Antibiotic and opioid prescribing for dental-related conditions in emergency departments: United States, 2012 through 2014.
J Am Dent Assoc. 2020 Jan 17;:
Authors: Roberts RM, Bohm MK, Bartoces MG, Fleming-Dutra KE, Hicks LA, Chalmers NI
BACKGROUND: Patients visiting the emergency department (ED) for nontraumatic dental conditions usually receive nondefinitive health care and are referred to treatment elsewhere. This may lead to potentially avoidable antibiotic and opioid use.
METHODS: A retrospective study was conducted in IBM MarketScan Research Databases in Treatment Pathways from 2012 through 2014. This study included patients with commercial insurance or enrolled in Medicaid. Patients receiving a diagnosis of a dental condition in the ED with no secondary diagnosis warranting an antibiotic prescription were included. Patients were stratified on the basis of the primary payer and available demographics, as well as on the basis of repeat visits to the ED.
RESULTS: A higher proportion of Medicaid beneficiaries (280,410, 4.9%) had dental-related visits compared with the commercially insured (159,066, 1.3%). The most common diagnoses were similar for both groups and included caries. In both cohorts, the 18- through 34-year age group had the highest rate of dental-related ED visits. Within 7 days of a dental-related ED visit, 54.9% of Medicaid beneficiaries and 55.0% of commercially insured beneficiaries filled a prescription for an antibiotic and 39.6% of Medicaid patients and 42.0% of commercially insured patients filled an opioid prescription.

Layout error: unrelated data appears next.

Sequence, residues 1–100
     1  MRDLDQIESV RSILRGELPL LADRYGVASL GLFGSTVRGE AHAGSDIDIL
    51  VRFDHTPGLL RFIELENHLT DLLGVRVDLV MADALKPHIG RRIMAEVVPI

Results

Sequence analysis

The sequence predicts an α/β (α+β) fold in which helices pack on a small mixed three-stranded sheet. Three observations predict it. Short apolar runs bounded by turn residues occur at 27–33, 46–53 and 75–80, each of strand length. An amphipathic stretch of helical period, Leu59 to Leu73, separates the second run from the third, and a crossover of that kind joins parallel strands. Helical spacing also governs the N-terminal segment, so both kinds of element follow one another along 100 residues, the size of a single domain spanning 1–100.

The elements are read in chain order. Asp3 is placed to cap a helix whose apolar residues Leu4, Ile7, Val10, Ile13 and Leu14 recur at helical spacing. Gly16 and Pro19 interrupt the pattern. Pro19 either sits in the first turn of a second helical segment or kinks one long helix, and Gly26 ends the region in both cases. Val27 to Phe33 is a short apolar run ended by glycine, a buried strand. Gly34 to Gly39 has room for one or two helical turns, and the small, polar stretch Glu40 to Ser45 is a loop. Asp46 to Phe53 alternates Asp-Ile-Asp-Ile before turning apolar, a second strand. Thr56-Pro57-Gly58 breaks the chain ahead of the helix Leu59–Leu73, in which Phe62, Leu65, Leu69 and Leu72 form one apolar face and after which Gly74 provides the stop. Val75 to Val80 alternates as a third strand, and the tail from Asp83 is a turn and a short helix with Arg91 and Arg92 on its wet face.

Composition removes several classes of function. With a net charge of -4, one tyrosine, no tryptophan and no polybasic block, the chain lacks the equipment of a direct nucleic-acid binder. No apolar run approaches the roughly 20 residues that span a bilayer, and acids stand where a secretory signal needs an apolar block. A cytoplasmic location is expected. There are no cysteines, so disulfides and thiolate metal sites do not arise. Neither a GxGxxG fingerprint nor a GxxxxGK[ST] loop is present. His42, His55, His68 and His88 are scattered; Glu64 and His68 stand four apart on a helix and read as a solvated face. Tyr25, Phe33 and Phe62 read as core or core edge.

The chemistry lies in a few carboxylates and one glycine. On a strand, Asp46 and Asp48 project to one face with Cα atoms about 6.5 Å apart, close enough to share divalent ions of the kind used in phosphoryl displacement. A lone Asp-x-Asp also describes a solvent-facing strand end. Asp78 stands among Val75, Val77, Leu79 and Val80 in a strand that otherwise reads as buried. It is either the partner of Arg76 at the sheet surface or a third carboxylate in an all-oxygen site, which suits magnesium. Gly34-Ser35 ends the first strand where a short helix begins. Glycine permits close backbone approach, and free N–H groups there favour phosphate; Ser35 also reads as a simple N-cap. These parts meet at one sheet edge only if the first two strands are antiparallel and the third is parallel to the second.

CONCLUSIONS: Antibiotics and opioids are frequently prescribed during ED visits for dental conditions. Access to preventive and acute oral health care for routine dental symptoms, such as caries, may reduce unnecessary prescriptions in both the commercially insured and Medicaid beneficiary populations.
PRACTICAL IMPLICATIONS: Treatment of dental conditions in the ED often indicates a lack of access to preventive or acute oral health care. Data-driven solutions, such as guideline implementation, could improve oral health access, reduce medication-related harms, and avert health care expenditures.
PMID: 31959329 [PubMed - as supplied by publisher]